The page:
The Washington Post has an excellent column today by Robin Givhan entitled “In her latest act of defiance, Hillary Rodham Clinton gets a new, longer, hairdo.” The whole piece is worth reading, and there’s a good slide show, too. Givhan points out the not-so-subtle cultural pressures on women to have “age-appropriate” hair, and how HRC’s new ‘do goes against the traditional “mommy chop” associated with powerful career women, especially those over 40. Givhan writes:
Clinton’s hair, now creeping toward below-the-shoulders territory, is practically radical for Washington’s seasoned female power elite. Good for her.
In our cultural vocabulary, long hair signifies youth, femininity and sex appeal. By contrast, shorter hair is serious, sophisticated, strong.
Cultural pressure to submit to the scissors after a certain age seems rife with an unkind and unspoken subtext that because long locks are a sign of vibrancy and sexiness, it’s a social contradiction to see such styles on women who have wrinkles and crow’s-feet.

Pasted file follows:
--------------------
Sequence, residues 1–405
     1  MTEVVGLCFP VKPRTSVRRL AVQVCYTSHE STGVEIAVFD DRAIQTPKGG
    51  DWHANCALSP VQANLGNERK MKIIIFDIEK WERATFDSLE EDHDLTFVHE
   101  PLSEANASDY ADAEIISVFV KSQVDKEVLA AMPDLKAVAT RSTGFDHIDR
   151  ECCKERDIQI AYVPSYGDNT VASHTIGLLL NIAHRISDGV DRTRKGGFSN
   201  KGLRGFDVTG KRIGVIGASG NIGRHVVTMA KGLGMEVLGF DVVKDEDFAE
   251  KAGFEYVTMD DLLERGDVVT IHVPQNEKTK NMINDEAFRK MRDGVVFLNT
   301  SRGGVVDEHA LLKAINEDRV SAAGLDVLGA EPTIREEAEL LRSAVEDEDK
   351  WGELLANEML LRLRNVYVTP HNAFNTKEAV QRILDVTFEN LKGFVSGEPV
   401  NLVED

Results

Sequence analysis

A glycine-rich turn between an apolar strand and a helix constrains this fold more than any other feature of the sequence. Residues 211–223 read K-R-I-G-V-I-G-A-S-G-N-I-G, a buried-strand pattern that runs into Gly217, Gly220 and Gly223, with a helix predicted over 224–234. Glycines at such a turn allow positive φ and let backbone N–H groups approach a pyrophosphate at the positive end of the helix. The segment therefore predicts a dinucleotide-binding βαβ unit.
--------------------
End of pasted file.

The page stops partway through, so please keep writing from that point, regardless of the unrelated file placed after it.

When I was 15, I cut my long hair because I wanted to look serious, sophisticated and strong. I wore it that way for almost 20 years, sometimes in a cut so short that even my lesbian boss referred to it as “butchy.” Then I dated a man who loved long, Barbie-style hair. He encouraged me to grow out my chin-length bob. Unfortunately, his campaign for longer hair felt controlling, so I rebelled by keeping it short. When our relationship crashed and I started dating again, I grew it long. (Why yes, there was an element of “fuck you” to that decision. How’d you guess?). Now, it’s halfway down my back. But will I have to cut it short again someday to conform to society’s stereotype of middle-aged women?
Judging by this week’s FFT, we’re all quite proud of our glorious manes. Feel free to weigh in on long vs. short and whether “age-appropriate” applies to hairstyles.